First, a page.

How to Minimise Structure Borne Sound

In our daily lives, we are constantly surrounded by sound, even in moments of apparent silence. Although we may not perceive it, there is always a background noise present. Sound is essentially fluctuations in pressure that propagate as sound waves through various mediums like air, fluids, or solids. Our ability to hear relies on our ability to detect and amplify these vibrations, which are then converted into electrical signals and interpreted by the auditory cortex. Hearing, Measured in decibels, is one of our primary senses and plays a crucial role in our daily experiences. It ensures our safety and brings us happiness, but the presence of excessive unwanted noise can overload our senses, leading to stress and negative impacts on our well-being. That’s why it is vital to effectively manage and control noise within the buildings where we live and work.

What Does Structure Borne Sound Refer to?

The distinguishing factor of a sound being considered “structure borne” is primarily the medium through which it travels. Unlike vibrations that propagate through the air, structure-borne sounds propagate through solid materials like wood, concrete, and steel. In simpler terms, this pertains to the generation of noise within buildings. Instances of structure-borne sound, or structure-borne noise, include the sound of heavy footsteps from an upstairs neighbour or the noise produced by a slamming door. These heavy footsteps create vibrations within the floor structure, which propagate both upwards and downwards through the ceiling.

The Five Methods of Transmitting Vibration-Induced Sound

The process of producing and conveying structure-borne sound can be categorized into five separate stages.

  1. The origin of the oscillation is referred to as generation.
  2. Transmission refers to the process of transferring the oscillatory energy from its source to the building structure.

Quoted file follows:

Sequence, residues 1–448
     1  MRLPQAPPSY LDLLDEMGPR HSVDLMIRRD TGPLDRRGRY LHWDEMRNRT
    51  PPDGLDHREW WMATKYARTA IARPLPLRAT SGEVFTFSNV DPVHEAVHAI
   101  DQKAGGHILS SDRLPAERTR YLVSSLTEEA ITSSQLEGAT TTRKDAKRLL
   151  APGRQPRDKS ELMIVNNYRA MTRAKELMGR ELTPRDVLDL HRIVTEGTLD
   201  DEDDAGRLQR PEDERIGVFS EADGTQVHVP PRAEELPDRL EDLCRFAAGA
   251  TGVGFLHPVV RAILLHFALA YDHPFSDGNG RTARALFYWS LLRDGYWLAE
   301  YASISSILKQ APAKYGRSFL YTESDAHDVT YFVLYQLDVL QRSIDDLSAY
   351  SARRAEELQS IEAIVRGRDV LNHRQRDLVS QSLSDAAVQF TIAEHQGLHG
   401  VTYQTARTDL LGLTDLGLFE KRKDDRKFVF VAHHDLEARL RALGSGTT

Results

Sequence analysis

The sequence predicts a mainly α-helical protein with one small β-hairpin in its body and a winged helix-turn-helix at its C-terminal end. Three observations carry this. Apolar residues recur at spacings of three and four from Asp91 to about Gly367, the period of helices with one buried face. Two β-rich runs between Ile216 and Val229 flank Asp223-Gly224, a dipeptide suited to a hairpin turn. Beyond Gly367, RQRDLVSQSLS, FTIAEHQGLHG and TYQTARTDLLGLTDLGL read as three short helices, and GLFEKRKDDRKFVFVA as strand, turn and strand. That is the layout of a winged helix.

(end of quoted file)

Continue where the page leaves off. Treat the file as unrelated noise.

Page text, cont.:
3. Propagation refers to the process through which the energy is evenly distributed throughout the entire structure.
  4. Attenuation refers to the process in which sound waves travelling through a structure are partially reflected by surfaces, resulting in a decrease in their energy and the reduction of sound.
  5. Radiation refers to the release of sound from a surface that is exposed, resulting in the generation of both structure-borne and airborne sound

What is the Significance of Structure Borne Sound?

Given that noise grievances are the primary catalyst for conflicts between neighbours, as well as the negative effects that undesirable noise can have on our overall well-being, it is crucial to thoroughly deliberate on the potential hazard of structure-borne sound during the process of designing and renovating buildings. In fact, the Government’s Building Regulations Approved Document EE, which focuses on “Resistance to the passage of sound,” establishes the minimum standards for sound insulation caused by impact both within and between various types of buildings. These regulations encompass not only residential and office spaces but also educational institutions. The precise requirements outlined in this document aim to mitigate the generation of noise within the building’s structure itself.

Controlling structure-borne sound is a crucial factor to consider in delicate building structures, like recording studios, where the aim is to minimize external noise as much as possible.

What is the Process for Measuring Structure-Borne Sound?

Sound transmission impact is assessed on-site by employing a tapping device equipped with steel hammers to strike the surface being tested. The resulting sound is recorded and quantified in decibels in the surrounding area. Nonetheless, it is important to note that this method does not account for the diverse array of noises that may be generated. Therefore, multiple strategies are implemented to mitigate the propagation of sound through the structure. One such effective strategy that has gained popularity for reducing sound transmission is the use of cavity wall soundproofing foam, which can be instrumental in minimising structure-borne sound in various settings.

Techniques for Minimizing Structure-Borne Noise

To minimize structure-borne sound, it is essential to attenuate or dampen the vibrations resulting from the noise source. Below are the techniques utilized to mitigate the generation of structure-borne sound.

  • Carpets and padding – While wooden or laminate floors may be visually appealing, they can generate significant structure-borne noise. Therefore, it is advisable to utilize carpets whenever feasible.
  • Typically composed of sturdy fibreglass, recycled rubber, or foam, resilient underlays function similarly to carpets and padding.